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As part of this year's VisWeek Discovery Exhibition (see earlier entry) we will post the collected visualization stories not only on the event's website but also directly here on Infosthetics. As a teaser, here is a first visualization story about Microsoft Research's Hotmap. If you have similarly interesting stories to tell about your tool, a tool you're using, or a tool your clients are using, please consider submitting it to the Exhibit (deadline is July 17th).

Summary of the Tool
Hotmap is a visualization tool designed to gain an understanding into how people interact with online maps. It was released internally at Microsoft in 2006 as a research prototype; its use was monitored as it was developed further. A public edition of Hotmap was released in 2007; the authors have collected feedback on that tool since.

Range of Impact
There were many different parts of the Virtual Earth team that were informed by Hotmap. The developer API, imagery planning, marketing, and usability groups all used Hotmap to understand better how VE was being used and developed. Also outside vendors benefited after the tool's public release.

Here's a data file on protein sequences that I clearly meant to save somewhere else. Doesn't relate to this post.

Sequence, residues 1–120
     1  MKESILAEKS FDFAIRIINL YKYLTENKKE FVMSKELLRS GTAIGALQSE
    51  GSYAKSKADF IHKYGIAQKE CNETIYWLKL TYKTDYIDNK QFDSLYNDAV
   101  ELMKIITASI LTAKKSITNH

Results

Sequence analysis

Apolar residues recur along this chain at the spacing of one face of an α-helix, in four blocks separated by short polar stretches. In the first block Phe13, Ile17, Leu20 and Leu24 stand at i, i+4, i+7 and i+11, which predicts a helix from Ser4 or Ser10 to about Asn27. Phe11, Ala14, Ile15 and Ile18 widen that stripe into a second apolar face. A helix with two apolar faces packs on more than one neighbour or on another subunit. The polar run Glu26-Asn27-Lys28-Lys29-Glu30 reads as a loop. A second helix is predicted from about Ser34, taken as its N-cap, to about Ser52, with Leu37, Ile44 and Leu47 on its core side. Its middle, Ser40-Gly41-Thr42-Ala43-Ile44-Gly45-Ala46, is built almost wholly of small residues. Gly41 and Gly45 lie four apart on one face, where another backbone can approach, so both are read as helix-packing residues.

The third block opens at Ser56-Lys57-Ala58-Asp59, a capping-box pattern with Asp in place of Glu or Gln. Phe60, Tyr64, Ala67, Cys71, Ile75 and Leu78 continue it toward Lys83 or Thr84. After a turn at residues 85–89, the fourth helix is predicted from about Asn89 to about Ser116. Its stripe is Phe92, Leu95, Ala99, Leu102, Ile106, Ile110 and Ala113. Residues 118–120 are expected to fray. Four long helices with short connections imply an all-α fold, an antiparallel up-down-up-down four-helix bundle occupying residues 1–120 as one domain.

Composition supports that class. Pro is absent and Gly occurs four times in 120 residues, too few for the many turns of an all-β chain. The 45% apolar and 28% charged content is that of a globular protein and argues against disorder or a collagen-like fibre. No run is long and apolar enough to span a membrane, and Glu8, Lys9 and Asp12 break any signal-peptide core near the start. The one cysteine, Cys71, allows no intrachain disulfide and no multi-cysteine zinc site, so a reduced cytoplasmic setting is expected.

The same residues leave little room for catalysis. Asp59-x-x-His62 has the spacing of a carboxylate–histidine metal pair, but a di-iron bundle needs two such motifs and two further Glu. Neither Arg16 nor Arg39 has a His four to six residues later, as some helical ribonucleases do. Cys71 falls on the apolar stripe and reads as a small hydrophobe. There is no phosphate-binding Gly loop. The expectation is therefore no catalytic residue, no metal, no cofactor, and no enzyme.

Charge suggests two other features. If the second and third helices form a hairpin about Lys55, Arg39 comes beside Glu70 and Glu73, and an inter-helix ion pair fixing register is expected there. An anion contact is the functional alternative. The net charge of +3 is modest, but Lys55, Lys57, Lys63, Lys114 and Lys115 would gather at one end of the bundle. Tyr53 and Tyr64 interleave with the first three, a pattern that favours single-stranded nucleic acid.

Summary of its Impact

Document Usage to Improve Usability
Hotmap was used to allow the Virtual Earth team to learn what existing imagery VE users liked to look at and ultimately to target the purchase of new imagery, leading to considerable cost savings. The image below shows the focus of interest on the continental US (plus scrolling artifacts).


Documenting Errors
Hotmap acted as a way to catch errors and let the team document the failure mode more clearly to developers. The star in the figure below shows a frequent reference to coordinate (0, 0).


Documenting Attacks
The tool provided awareness of scraping attacks and security measures were designed into later versions. In the picture below the faint highlight over greater China, and the brighter colors over the coastal area suggest repeated scraping of the data.


Additional information
Several research papers give more information on the tool, and a more detailed description of its range of impact can be found on its Discovery Exhibition entry page.